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With one Grad rocket they killed my husband, son, mother, and dog
Irina Zhivolup, Notary
After the surgery

Photo courtesy of Irina Zhivolup
They’ve just brought me into the room in a wheelchair. Now I’ll have a seat on the bed and we can talk…

So. On the 24th, my son called me at 5 am from Kharkiv and said that they were being bombed. He lived on the side facing Belgorod.

I jumped up, started yelling to quickly get down to the basement, and then to get out to Izium.

The next day he arrived by the last train out of Kharkiv. Then there was a call from a colleague. Their house had been bombed. After that friends called from a neighboring district. Their village which long, long ago used to house a military unit was bombed.

The wounded were coming and on the 25th explosions started at our place as well. I suggested we should leave, but my mom and husband did not want to, and I couldn’t leave them.

Irina's mother, husband and son

Photo courtesy of Irina Zhivolup
Only I survived

Why didn’t people run away immediately? Nobody believed that they would level the town like that. After all they destroyed schools, churches, buildings that survived both world wars. Izium was being razed to the ground; they couldn’t go around our Mount Kremenetz. Just as the Germans used pontoons in 1941, so the Russians set them up in the same places - and so our boys hit them again. The mountain was covered with Russian corpses, but they were led into the city by a traitor. Everyone knows who that is and I think they will catch up with him.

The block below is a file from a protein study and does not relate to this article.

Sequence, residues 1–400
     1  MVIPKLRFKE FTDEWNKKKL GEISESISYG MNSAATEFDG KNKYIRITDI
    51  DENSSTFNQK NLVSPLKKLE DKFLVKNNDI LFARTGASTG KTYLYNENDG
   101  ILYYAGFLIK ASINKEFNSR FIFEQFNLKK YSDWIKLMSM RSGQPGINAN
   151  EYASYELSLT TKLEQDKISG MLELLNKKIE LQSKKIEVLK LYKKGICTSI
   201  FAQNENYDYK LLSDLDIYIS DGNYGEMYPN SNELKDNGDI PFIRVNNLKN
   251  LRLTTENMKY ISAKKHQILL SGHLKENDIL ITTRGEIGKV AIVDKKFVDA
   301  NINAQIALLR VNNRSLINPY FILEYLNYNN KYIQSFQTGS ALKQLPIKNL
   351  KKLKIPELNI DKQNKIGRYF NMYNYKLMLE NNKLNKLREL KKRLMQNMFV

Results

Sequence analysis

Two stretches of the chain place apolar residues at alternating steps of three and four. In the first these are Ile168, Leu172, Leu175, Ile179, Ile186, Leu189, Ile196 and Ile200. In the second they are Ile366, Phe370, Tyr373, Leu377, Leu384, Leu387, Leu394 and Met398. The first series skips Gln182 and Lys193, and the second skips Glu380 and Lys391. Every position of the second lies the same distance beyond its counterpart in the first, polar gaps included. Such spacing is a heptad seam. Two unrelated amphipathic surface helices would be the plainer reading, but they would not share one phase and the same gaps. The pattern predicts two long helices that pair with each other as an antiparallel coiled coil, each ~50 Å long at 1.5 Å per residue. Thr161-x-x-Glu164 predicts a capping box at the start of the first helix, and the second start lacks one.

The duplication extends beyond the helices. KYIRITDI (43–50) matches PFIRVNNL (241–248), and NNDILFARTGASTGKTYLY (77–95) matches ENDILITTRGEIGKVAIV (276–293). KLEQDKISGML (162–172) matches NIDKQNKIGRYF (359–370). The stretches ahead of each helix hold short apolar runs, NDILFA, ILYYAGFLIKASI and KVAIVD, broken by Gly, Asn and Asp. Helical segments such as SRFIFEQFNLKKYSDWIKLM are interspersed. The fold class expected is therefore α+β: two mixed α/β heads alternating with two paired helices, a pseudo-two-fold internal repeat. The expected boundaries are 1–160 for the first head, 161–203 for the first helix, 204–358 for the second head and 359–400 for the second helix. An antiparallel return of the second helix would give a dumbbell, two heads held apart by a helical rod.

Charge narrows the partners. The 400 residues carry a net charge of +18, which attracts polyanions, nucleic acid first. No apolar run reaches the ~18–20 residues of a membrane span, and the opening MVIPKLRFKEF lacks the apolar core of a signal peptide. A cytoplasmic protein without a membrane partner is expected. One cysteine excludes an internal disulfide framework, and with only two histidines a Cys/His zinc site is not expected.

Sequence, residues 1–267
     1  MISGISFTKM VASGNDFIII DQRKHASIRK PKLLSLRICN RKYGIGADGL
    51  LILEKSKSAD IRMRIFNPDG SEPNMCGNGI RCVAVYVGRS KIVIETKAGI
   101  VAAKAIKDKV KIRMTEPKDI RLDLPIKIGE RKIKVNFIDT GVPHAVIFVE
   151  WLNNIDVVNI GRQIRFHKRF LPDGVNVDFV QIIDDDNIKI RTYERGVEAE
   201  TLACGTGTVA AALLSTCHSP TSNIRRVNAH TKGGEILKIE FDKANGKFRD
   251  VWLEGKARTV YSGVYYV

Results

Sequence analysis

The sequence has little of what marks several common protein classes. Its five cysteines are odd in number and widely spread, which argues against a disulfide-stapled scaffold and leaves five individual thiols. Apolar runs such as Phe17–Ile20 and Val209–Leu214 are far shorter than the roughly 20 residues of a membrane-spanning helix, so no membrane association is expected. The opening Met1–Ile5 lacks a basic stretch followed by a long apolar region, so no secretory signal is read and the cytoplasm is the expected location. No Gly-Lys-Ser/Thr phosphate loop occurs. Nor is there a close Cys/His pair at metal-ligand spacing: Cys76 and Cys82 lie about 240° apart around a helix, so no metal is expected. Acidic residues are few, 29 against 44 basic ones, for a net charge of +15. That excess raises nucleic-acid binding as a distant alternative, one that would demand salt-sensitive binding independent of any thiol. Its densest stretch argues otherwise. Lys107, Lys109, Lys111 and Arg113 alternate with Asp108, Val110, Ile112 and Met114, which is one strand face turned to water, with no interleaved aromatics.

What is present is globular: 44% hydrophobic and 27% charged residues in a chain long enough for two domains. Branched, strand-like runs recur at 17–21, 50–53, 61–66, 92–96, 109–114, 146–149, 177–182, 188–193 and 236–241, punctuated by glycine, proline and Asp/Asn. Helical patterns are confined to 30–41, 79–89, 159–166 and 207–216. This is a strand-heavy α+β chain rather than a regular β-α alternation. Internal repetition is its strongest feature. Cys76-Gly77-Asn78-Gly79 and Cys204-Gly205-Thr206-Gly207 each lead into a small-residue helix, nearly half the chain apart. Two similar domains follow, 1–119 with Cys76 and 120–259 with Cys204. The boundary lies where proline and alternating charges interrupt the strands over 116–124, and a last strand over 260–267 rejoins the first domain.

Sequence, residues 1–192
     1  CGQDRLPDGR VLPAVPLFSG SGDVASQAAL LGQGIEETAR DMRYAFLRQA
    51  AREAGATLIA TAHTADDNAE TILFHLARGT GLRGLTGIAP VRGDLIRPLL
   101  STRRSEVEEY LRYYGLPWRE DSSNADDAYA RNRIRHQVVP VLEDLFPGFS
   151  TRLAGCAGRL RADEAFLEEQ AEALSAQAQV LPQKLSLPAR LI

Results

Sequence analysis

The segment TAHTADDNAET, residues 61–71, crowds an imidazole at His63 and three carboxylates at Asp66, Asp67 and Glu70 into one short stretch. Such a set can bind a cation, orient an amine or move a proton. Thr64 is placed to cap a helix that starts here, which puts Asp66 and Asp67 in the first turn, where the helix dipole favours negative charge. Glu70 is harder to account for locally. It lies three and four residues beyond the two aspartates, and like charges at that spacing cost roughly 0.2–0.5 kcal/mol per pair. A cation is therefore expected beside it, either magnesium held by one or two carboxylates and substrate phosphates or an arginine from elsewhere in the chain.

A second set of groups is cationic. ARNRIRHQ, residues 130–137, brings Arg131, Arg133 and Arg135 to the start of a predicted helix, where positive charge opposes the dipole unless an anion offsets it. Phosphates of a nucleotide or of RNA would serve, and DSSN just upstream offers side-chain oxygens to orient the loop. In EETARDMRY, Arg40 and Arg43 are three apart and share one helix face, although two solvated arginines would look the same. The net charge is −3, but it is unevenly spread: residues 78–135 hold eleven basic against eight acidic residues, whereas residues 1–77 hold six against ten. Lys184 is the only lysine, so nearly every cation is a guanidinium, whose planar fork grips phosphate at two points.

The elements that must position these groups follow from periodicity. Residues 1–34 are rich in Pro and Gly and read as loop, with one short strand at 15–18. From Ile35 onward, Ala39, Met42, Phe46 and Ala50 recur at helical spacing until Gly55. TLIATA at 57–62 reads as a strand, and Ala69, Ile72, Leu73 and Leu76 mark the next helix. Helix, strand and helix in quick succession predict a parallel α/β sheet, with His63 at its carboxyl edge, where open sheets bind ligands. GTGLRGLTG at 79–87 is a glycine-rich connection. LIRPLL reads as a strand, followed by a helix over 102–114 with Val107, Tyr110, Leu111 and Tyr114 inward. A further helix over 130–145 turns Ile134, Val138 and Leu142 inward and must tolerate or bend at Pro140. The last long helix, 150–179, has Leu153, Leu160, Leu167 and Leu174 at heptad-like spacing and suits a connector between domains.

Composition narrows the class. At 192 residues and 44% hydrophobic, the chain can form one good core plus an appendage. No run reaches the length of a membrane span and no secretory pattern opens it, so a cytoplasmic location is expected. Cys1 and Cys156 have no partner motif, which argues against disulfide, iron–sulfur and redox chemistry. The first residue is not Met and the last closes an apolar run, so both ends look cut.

On March 1 at midnight we were asleep in our apartment on the fourth floor, and suddenly my husband shouted out: “Airplane!” And it felt like it was flying directly into the window. It dropped a bomb into the square, and we lived a little further on, the first house past the city council building. The blast wave was so powerful that it threw me across the bedroom towards the door. My husband pulled me up. In general, we hid in the bathroom and then went down to the basement. Soon after we moved to stay with my mother. She had her own house with a full basement. They shelled us every day, every hour and a half. The planes kept coming one after another.

For one day it seemed to be a little quieter, and then in the evening, on March 6, the dog started whining. I understood that it was a raid and then a Grad rocket hit directly in the hallway, where all of us were standing: me, mom, son, husband, and dog. Only I survived. I dug them out. I don’t know where I got the strength - head cracked open, all covered in blood, both legs broken. But I managed to pull the beams away. My son died in my arms, probably from internal bleeding.

We all wear glasses, and all the glasses remained intact. So strange… Don’t know why I survived for, but I crawled into the house, found some water, climbed into bed, put on my son’s jacket and a hat, and I stayed like that for eight days - no windows, no roof, freezing cold of 10C, rockets flying around the clock, and the bodies of my family lying on the doorstep. I drank water, got some sausages from my son’s backpack. I remember the smell of rocket fuel. Then I opened my eyes to see the closet across the room all covered in holes; in other words had up in a blind corner, thank God.

All that remained of Irina's mother's house after the shelling
Photo courtesy of Irina Zhivolup